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Disturbances (London)

Volume 148: debated on Tuesday 8 November 1921

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asked the Home Secretary whether his attention has been called to the fact that a ticket meeting under the auspices of the British Empire Union, held at the Central Hall, Westminster, on the 28th October, was broken up by a Communist and Sinn Fein mob who gained admission by forged tickets, the principal speaker, the Earl of Derby, being howled down and prevented from speaking, while German stink-bombs were thrown among the audience, the platform being ultimately stormed and the Union Jack torn down and trampled on to the accompaniment of the singing of rebel songs; whether any of those who broke up the meeting have been apprehended by the police; whether he is taking any action to prevent law-abiding citizens from being attacked by seditious mobs; and whether it is with his approval that the Sinn Fein flag receives police protection in London but not the Union Jack?

It was understood that admission to this meeting was to be by ticket only, but a party of police patrolled outside and was augmented at 8 p.m. At 8.50 p.m. the officer in charge was informed by the Secretary to the Central Hall authorities that men inside the building were attempting to storm the platform and damage the flags, and he feared that some persons would be assaulted. The officer in charge immediately entered the building with his force of police, ejected the ringleaders, and the others left. No persons were arrested. The duties of the police are confined to entering a building when called upon to prevent breaches of the peace, or to arrest persons charged with offences for which there is power to arrest. The police take action in the streets to prevent law-abiding citizens being attacked, whether by seditious mobs or any other person. The suggestion at the end of the question is unfounded.

Can the right hon. Gentleman explain then, why a man was recently arrested in Whitehall for seizing a Sinn Fein flag and no one was arrested when the police were called into this hall where a mob was engaged in tearing down and trampling underfoot the Union Jack?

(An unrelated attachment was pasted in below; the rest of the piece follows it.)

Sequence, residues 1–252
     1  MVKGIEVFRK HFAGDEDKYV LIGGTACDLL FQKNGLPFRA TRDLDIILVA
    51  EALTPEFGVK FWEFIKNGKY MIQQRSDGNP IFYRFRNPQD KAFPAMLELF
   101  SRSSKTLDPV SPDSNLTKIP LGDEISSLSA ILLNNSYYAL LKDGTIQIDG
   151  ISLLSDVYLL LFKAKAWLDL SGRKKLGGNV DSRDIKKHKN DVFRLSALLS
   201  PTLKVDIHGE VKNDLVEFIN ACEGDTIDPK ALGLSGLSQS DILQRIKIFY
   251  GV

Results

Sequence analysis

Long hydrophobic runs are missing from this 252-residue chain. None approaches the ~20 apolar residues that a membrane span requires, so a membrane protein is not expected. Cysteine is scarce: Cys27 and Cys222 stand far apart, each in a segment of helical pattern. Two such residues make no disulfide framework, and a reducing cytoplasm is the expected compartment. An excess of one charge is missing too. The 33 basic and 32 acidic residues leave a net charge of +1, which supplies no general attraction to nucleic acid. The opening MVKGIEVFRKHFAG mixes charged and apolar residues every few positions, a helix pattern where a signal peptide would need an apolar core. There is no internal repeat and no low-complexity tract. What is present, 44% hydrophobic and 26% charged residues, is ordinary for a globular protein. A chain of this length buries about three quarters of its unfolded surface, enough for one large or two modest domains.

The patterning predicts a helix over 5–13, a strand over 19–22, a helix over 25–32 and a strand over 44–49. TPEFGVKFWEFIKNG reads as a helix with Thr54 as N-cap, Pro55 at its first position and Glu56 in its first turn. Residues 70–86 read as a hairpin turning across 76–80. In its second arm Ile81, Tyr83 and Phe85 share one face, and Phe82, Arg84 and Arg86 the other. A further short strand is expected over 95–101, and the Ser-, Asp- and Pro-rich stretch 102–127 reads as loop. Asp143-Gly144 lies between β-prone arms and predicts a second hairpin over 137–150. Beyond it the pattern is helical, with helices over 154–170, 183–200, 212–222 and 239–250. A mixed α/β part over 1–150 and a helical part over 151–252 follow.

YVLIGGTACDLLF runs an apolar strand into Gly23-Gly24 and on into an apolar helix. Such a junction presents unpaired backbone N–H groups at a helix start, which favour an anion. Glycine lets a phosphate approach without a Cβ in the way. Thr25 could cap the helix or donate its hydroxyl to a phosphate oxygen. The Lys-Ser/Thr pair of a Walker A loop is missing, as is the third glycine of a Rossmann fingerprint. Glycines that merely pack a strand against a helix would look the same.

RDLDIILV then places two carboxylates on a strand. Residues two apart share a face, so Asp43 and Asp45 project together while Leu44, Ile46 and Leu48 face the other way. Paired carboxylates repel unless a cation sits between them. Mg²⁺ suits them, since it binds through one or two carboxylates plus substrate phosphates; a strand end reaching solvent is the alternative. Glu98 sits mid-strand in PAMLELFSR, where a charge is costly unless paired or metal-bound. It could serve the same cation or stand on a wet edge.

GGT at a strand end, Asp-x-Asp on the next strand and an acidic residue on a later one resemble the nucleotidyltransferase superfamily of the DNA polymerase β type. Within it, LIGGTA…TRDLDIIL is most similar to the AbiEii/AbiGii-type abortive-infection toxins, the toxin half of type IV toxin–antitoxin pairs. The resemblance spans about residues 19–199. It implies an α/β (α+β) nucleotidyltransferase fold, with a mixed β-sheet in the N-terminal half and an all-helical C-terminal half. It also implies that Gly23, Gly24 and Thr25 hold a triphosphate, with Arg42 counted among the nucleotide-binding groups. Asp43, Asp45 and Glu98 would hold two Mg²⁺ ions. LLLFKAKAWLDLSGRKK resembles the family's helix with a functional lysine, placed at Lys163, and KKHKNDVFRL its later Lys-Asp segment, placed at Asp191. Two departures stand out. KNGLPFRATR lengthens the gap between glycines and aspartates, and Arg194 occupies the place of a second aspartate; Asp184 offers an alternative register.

Can the right hon. Gentleman say whether it is a fact, that the followers of the hon. Member for South Kensington (Sir W. Davison) a short time ago, entered a public hall where a labour meeting was being held and mobbed the meeting and assaulted the speakers with the approval of the hon. Member and his friends?


asked the Home Secretary whether the police have carried out any investigation to ascertain who was responsible for the recent encounter between the police and the unemployed in Shaftesbury Avenue and Piccadilly Circus, and as to who was responsible for breaking up the recent meeting of the British Empire Union at the Central Hall; if so, with what result; do their investigations disclose the payment to certain individuals of sums of money to produce these results; and, if so, from what sources, both in these and other cases?

The Commissioner of Police is of opinion that the disturbance in Shaftesbury Avenue and Piccadilly Circus was a spontaneous outbreak on the part of the procession when they learned they would not he allowed to proceed to Trafalgar Square to hold a meeting. I have dealt in reply to a previous question with the disturbance in the Central Hall. The police believe that that disturbance was engineered by Communists, but they have no evidence of what particular person or persons were responsible, or of the payment of money to any persons.

What is the use of keeping up this expensive Department?

Is the right hon. Gentleman aware that it was publicly stated in the Press that aliens were responsible for the encounters in Shaftesbury Avenue and Piccadilly Circus, and also for what took place in the Central Hall, and has he any evidence to substantiate that?

What is the use of this expensive Department if it cannot prevent occurrences of this sort?